Gabe Spataro had a reunion with an old friend on Tuesday.
The legally blind Korean War veteran had to don scuba gear and dive nearly two dozen feet below the surface to meet up with his old pal, the Christ of the Abyss statute in John Pennekamp Coral Reef State Park in Key Largo.
The two were last united a year ago when Spataro made the trip from Chicago to the state park to celebrate the roughly 50-year anniversary of the statue being brought to the United States.
The two were first introduced when the statute was delivered from Italy. Spataro was participating in the Underwater Society of America's convention in the ballroom of the swanky Palmer House hotel in Chicago in 1962, where the statue was on display. Spataro took an active role bringing the statue to this country and finding it a home here.
Spataro, 83, and legally blind from macular degeneration, made the trip back to the Keys this week with the Chicago-based nonprofit group Diveheart, which teaches children, adults and veterans with disabilities how to dive as part of a scuba therapy program. He was able to make out the general shape of the statue but not details as he navigated from the boat to the statue with the help of two fellow Diveheart volunteers and the crew of Rainbow Reef Dive Center in Key Largo.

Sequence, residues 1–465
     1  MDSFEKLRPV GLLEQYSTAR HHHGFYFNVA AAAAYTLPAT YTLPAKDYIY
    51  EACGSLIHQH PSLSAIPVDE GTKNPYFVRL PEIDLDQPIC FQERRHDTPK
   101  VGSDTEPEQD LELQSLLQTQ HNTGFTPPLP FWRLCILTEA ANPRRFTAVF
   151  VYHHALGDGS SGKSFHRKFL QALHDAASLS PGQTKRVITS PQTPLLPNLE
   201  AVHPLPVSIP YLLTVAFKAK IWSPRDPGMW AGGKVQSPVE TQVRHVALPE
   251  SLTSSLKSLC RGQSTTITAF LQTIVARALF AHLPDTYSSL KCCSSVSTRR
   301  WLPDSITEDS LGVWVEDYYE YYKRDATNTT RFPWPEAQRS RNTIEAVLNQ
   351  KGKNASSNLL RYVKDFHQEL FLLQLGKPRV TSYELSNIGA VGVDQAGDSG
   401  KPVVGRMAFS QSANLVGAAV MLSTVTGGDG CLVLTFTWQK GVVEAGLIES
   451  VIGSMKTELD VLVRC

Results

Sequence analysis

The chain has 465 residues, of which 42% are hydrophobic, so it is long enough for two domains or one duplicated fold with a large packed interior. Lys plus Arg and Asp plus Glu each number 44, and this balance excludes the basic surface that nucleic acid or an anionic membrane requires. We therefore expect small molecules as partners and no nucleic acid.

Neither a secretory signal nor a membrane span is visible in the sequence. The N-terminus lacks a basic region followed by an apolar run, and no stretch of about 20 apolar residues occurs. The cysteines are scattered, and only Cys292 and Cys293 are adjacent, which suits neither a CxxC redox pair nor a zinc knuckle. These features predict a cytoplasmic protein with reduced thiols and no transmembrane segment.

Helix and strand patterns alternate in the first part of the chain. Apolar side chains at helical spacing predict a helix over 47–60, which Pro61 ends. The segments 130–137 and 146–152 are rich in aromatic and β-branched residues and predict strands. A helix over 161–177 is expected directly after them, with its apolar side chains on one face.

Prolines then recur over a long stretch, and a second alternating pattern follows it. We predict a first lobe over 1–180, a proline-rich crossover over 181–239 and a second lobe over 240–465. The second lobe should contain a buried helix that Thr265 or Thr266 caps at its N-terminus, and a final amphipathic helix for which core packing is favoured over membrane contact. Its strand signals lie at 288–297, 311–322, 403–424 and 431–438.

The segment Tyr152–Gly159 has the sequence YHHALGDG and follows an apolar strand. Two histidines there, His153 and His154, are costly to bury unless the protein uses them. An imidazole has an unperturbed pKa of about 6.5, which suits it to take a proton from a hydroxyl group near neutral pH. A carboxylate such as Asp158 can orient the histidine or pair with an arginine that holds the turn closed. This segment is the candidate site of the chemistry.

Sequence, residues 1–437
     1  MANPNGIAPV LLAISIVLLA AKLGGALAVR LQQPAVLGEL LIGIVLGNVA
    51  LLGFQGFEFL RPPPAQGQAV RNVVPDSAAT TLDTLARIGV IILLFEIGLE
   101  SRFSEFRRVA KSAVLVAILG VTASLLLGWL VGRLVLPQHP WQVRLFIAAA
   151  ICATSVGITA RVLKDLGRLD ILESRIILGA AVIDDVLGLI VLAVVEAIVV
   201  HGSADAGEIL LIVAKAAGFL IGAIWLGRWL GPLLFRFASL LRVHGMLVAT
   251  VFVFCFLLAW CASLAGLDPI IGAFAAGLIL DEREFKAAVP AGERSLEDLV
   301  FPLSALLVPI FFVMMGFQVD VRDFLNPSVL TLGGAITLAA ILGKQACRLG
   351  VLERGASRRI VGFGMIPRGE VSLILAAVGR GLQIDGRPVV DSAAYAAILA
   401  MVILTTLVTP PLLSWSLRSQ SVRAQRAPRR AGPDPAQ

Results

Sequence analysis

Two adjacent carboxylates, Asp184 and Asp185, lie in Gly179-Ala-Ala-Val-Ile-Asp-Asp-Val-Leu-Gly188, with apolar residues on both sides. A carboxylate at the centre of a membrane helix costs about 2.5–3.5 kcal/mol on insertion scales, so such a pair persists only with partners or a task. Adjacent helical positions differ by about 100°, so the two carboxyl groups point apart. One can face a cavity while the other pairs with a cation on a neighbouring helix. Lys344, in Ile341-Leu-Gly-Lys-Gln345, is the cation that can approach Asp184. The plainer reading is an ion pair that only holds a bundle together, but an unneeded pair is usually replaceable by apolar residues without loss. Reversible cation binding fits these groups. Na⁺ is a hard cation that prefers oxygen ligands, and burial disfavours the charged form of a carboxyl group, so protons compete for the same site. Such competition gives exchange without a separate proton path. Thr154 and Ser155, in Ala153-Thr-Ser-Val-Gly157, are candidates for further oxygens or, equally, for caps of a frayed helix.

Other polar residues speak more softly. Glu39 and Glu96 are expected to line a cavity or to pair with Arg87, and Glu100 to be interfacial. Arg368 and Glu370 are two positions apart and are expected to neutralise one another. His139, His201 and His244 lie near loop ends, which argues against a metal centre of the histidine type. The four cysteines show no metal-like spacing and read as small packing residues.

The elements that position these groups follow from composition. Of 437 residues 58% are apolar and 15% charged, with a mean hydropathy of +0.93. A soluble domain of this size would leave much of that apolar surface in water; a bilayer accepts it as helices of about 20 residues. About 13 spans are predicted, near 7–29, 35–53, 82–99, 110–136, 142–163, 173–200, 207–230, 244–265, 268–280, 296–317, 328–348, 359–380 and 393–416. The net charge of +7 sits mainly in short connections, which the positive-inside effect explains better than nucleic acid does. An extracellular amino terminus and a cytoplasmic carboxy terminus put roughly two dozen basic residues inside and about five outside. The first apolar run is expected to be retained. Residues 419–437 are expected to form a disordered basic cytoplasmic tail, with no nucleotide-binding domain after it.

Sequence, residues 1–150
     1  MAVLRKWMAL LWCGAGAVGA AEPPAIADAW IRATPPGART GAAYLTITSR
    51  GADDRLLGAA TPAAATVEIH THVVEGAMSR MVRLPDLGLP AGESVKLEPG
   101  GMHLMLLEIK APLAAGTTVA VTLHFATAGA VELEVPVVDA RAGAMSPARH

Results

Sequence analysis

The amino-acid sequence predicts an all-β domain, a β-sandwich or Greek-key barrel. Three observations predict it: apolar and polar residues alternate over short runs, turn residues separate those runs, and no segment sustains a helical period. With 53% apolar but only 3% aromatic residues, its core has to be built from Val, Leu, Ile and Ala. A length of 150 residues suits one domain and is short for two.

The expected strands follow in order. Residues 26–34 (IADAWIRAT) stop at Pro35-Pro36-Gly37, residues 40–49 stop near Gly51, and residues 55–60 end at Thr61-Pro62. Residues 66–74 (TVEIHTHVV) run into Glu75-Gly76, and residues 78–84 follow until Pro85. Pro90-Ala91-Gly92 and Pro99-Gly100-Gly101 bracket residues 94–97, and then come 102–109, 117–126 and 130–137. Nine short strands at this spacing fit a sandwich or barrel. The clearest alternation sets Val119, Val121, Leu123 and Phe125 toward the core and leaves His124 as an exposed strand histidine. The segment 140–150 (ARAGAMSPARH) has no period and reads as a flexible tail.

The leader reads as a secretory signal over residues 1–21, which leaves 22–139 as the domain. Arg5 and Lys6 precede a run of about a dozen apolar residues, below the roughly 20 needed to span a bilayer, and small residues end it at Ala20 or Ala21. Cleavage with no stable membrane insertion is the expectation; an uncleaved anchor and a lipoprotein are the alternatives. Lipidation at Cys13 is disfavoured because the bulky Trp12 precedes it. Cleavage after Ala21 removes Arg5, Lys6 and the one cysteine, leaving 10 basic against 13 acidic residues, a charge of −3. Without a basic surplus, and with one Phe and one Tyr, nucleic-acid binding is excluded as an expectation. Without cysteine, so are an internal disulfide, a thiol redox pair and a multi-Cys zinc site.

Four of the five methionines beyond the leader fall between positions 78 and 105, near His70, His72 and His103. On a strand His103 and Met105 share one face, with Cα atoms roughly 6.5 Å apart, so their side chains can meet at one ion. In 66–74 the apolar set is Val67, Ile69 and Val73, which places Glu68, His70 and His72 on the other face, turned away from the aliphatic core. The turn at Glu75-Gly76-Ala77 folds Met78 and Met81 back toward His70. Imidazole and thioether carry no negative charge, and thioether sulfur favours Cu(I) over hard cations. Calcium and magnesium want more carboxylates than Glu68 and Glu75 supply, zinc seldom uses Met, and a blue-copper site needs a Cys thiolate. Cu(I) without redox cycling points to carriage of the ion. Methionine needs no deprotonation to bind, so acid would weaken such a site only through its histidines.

"There is a connection no matter what religion you are," he said. "It's dedicated to the people who live, work, play and die at sea. It's not just a statue."
Spataro was among a group of disabled divers with the Northern Illinois Special Recreation Association and their families who made the dive on the Christ of the Abyss. Some of the divers had minor physical disabilities, and others were battling autism. The group regularly makes dive trips to the Florida Keys with disabled divers.
The Diveheart program not only provides physical therapy, but also empowers the divers by giving them confidence, Diveheart founder Jim Elliott said. Several participants have since gone on to work in the dive industry.
"It's a unique way to grow the dive industry and provide therapy for people," Elliott said. "It is truly empowering people."
Spataro, who has been diving since the mid-1950s, credits Diveheart from bringing him "out of his depressed state" and reintroducing him to diving after going legally blind.
"They took me right out of my depression," Spataro said. "I heard the other Diveheart members' stories and saw how positive they were. They are truly changing people's lives."